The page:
Name This Place I (June 2009): tsj1957
Name This Place II (July 2009): doakley
Name This Place III (October 2009): Carunzel
Name This Place IV (February 2010): tsj1957
Name This Place V (May 2010): Belinda & Theodore
Name This Place VI (September 2010): W. White
Name This Place VII: Columns Edition (April 2011): W. White & JRGordon
Name This Place VIII: Courthouse Edition (July 2011): Susan Allen (Suzassippi)
Name This Place IX: Doors Edition (April 2012): Thomas
Name This Place X: Word of the Week Edition (October 2012): Thomas
Name This Place XI: Signs Edition (April 2015): Victoria Moon Conway
Name This Place XII: Lost Buildings Edition (April 2018): ed polk douglas
Name This Place XIII: Google Street View Edition (April 2019): Suzassippi
Thank you to everyone who participated in this Name This Place contest and made it a success. The enthusiasm shown for the last two Name This Place contests ensures that there will be another one held real soon, perhaps even sooner than next April. In fact, I already have an idea for the next one…
Curses and epithets to you, W. White!. I’d have been up until I found it if I hadn’t had to be up so early to take my daughter to work. This will not be forgotten!
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Right, and how long would it have taken you to wander up to Hernando? Though I stick by what I said earlier in that the house form is indicative of a general area in Mississippi and is not a general as you claim, I believe the house type and decoration are typical for North Mississippi: Holly Springs, Oxford, etc. Looking at it critically, based on looking at a lot of Mississippi buildings, it just does not seem like the type of house that would be along the Coast, in Natchez, or in Columbus. The Piney Woods lack many antebellum buildings, same with Meridian. That being said, I would certainly not have immediately thought “Hernando” when thinking of a place the house could be. That is why it was such a great stumper, and admit it, you would still be stumped by it right now.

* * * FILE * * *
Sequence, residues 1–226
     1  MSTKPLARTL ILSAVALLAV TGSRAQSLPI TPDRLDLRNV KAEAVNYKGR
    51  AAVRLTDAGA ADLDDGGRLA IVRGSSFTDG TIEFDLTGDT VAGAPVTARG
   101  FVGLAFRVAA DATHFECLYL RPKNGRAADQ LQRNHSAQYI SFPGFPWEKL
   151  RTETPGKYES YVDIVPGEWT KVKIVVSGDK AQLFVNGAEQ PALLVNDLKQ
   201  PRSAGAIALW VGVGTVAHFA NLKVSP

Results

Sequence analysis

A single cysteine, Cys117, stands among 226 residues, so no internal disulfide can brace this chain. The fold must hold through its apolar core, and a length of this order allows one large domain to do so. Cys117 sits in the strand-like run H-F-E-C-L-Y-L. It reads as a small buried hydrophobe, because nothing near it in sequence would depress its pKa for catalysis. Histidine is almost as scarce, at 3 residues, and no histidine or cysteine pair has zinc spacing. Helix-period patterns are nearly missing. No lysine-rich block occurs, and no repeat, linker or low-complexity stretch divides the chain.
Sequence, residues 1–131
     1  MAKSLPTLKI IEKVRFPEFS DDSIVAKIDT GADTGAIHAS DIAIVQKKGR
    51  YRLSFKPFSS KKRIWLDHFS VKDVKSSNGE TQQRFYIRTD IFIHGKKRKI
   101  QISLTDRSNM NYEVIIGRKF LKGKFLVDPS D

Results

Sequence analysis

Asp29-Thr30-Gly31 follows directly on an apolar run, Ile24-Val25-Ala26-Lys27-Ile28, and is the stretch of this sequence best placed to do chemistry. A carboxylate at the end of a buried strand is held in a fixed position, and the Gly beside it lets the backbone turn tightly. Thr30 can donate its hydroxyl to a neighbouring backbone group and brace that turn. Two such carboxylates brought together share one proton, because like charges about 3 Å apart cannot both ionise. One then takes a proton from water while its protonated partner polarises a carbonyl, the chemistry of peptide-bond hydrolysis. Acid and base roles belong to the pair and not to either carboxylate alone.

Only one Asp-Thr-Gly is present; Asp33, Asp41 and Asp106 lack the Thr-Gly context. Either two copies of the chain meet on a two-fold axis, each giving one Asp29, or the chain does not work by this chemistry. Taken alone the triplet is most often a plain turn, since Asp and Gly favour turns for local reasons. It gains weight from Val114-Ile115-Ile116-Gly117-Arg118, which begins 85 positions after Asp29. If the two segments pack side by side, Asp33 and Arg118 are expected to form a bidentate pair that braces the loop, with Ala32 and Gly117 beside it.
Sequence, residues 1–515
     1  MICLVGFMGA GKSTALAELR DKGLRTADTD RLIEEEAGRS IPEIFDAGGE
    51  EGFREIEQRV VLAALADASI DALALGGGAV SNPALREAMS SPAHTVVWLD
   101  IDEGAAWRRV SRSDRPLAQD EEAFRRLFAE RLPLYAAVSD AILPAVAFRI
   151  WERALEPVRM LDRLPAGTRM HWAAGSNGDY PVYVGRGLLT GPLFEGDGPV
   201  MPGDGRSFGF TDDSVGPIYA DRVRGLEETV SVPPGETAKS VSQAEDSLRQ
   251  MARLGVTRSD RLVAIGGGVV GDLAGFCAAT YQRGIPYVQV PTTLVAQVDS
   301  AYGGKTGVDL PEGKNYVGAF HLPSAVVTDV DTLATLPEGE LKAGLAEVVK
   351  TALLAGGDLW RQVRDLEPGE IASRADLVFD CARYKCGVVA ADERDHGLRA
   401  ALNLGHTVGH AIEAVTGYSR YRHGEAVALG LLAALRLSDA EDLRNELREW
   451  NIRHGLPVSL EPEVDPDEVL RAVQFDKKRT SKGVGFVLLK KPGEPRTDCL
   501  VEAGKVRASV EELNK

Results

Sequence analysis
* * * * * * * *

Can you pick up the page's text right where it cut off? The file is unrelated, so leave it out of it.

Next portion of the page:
I did think it had a lot in common with the houses of Oxford and north Mississippi like Rowan Oak. I think I might have found it, given enough time.
How to go about offering for your consideration a subject “Stumper” in the next Name This Place contest?
You can email me your idea. However, it is highly unlikely that I will use your suggestion. My idea for the next iteration of Name This Place is very specific regarding its subject.
Also, I prefer to discourage any suggestions, as I want every site used to be a surprise to everyone. I do not want people sending a list of sites that I would either use (and potentially give the people who suggested those sites an advantage) or be forced to ignore, further limiting the buildings available for me to choose from.
I’d like to thank my preservation/historical experts who have mentored me along this journey: All ya’ll, but especially the great Malvaney, who introduced me to the fascinating world of Mississippi architecture, and to Thomas Rosell. Between the occasional posting for MissPres and the extensive work on the New Deal and the Green Book, I have seen a lot of Mississippi that I might never have learned about.
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Thank you W. White for putting together this interesting series.
Congratulations Suzassippi and Carunzel! Your knowledge of Mississippi architecture is inspiring.
This was fun!
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I have been inspired by your work all over the state. I admit to ‘showing off’ when I am with someone and explain your work. Congratulations are due to you for the real work of preservation.